I don’t know her name. But for about 20 minutes, she was Florence Nightingale for me.
They called her “The lady with the lamp.” Her real name was Florence Nightingale (1820-1910), perhaps history’s most famous and beloved nurse. Born to wealth and privilege as a daughter to an upper-class British family, she forsook the comforts of her pedigree to become a humble nurse who served the ill with such skill and devotion that her very name is a synonym for these virtues.
Florence gained the nickname “the lady with the lamp” as the result of her loving service to the British wounded of the Crimean war. She was said to be seen in the dark of night, when all others were asleep, moving from wounded solder to wounded solder to give them aid and comfort, carrying a lamp so she could see them and they could see her.
Choosing service over the comforts of inherited status and wealth, Florence felt a calling from God: “God called me in the morning and asked me, “Would I do good for Him, for Him alone without the reputation.”1 Ironically, her willingness to do good “without the reputation” resulted in her attainment of the highest of reputations.
I should know. I was visited personally by “the lady with the lamp.” That’s right. I have met Florence Nightingale.
“What?” you say. “You could not possibly have met Florence Nightingale. She died in 1910, almost 100 years ago.”
“Ah,” I respond, “but wait until you hear my story. Once you hear my story, which I shall now relate, you can decide for yourself the truth of my testimony. You may just find that not only have I met Florence Nightingale, but you have as well.”
I met Florence Nightingale about two years ago. The place of our meeting was a hospital in Portland, Oregon, called Oregon Health and Science University Hospital, where I was a patient.
I had undergone surgery a day or two before to remove a cancerous tumor in my small intestine, along with my gall bladder. Although I knew at the time that I had, and have, other tumors in my liver that cannot be removed, the mission of this particular surgery was only to remove the small intestine tumor, and it was a success. Therefore I was in a hospital room recovering my strength.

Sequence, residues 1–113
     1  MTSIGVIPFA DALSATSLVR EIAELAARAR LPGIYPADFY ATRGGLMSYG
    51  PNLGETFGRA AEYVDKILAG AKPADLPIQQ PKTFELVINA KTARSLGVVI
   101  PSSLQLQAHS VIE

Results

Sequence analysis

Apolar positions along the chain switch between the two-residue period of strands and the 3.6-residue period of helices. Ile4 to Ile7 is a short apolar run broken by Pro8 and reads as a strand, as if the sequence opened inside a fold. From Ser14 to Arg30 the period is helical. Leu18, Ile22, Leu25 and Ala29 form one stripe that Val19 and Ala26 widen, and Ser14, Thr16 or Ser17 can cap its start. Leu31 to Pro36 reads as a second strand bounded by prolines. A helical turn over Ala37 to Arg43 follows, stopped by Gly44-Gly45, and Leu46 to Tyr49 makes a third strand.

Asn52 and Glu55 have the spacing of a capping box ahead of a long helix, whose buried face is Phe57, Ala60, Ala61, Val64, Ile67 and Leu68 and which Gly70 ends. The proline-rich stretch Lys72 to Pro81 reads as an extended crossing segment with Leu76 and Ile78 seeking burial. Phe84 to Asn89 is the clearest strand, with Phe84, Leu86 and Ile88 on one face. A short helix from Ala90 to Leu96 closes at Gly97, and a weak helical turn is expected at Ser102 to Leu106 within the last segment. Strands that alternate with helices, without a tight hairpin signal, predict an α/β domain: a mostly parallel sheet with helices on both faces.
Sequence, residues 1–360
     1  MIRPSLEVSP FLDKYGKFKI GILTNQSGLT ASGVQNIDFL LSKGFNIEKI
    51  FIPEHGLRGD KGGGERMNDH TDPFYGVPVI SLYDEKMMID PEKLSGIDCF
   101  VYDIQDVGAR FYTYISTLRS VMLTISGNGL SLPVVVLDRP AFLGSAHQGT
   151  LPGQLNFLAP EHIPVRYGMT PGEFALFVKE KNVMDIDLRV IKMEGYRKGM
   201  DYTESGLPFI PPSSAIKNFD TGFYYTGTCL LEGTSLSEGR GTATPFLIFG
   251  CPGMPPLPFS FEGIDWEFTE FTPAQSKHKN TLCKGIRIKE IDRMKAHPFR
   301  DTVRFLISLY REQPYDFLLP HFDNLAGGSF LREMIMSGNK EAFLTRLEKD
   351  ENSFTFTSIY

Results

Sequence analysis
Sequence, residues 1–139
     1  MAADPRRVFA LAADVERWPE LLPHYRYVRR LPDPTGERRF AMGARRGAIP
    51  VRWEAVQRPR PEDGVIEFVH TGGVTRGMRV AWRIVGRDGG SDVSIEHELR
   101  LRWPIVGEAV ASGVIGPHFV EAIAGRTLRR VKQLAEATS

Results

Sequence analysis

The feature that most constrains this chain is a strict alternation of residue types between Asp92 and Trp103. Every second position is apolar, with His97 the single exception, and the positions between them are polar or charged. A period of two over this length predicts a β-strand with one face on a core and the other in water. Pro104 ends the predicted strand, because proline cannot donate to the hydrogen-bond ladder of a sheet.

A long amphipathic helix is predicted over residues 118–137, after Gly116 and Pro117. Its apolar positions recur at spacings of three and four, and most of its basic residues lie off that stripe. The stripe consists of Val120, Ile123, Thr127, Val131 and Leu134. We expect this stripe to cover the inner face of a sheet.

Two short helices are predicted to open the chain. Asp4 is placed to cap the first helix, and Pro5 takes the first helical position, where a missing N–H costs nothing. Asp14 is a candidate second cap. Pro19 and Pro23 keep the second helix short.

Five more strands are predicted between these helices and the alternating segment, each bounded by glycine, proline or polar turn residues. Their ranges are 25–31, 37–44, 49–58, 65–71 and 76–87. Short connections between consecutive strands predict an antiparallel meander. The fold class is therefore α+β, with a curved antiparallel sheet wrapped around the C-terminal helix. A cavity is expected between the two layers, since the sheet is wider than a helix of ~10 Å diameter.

For about 20 minutes two years ago, in a hospital room, in the middle of the night, I was visited by “the lady with the lamp.”
At the time of Florence’s visit, I was only a few days into my recuperation. I was hooked up to numerous intravenous fluid delivery devices, including one which kept me hydrated and another that delivered a strong pain medicine that was needed because of the 12-inch-long abdominal incision that could be quite painful if I moved. I was very weak, was not allowed to eat, and worse, I was allergic to the pain medicine and so did not use it unless the pain was unbearable, which sometimes it was.
Part of the regimen of recovery, mong other things, is to have a nurse — more accurately, a “CNA,” which stands for “certified nursing assistant” — to come by your bed from time to time, day and night, take your blood pressure, take your temperature, and perform a few other duties associated with collection and analysis of a certain unnamed body fluid. (The patients, including me, find this humbling. The nurses, strangely, think nothing of it).
It was somewhat unpleasant to be visited by these nurses, because they would disrupt you if you were reading or sleeping, force a thermometer into your mouth and a pressure cuff onto your arm, proceed to take the readings, and usually not bother very much with small talk. They just interrupted you, did their job, and walked away. It was especially bad at night because sometimes — although not often — I actually fell asleep, and I resented being awakened by them for this seemingly meaningless routine.
Furthermore, it was especially unpleasant to be visited by one particular nurse for a couple of reasons. First, she obviously smoked a lot, and she always smelled very strongly of tobacco smoke, an odor that I did not like when I was feeling well and especially found downright repellent when I was weak, hadn’t eaten, had a sensitive stomach, and was in pain.
Second, she was unusually rough about her chores. She would grab my arm violently and tug it to the side of the bed, jam on the pressure cuff, push the thermometer into my mouth, pump the cuff so hard I thought my arm would fall off, take the reading, pull off the cuff and pull out the thermometer, and then basically throw my arm back onto the bed not caring where it landed.
As I said, I especially dreaded the visits of this nurse, until that is, one night I will never forget. This particular night I was wide awake and very cold. I was having “goose bumps”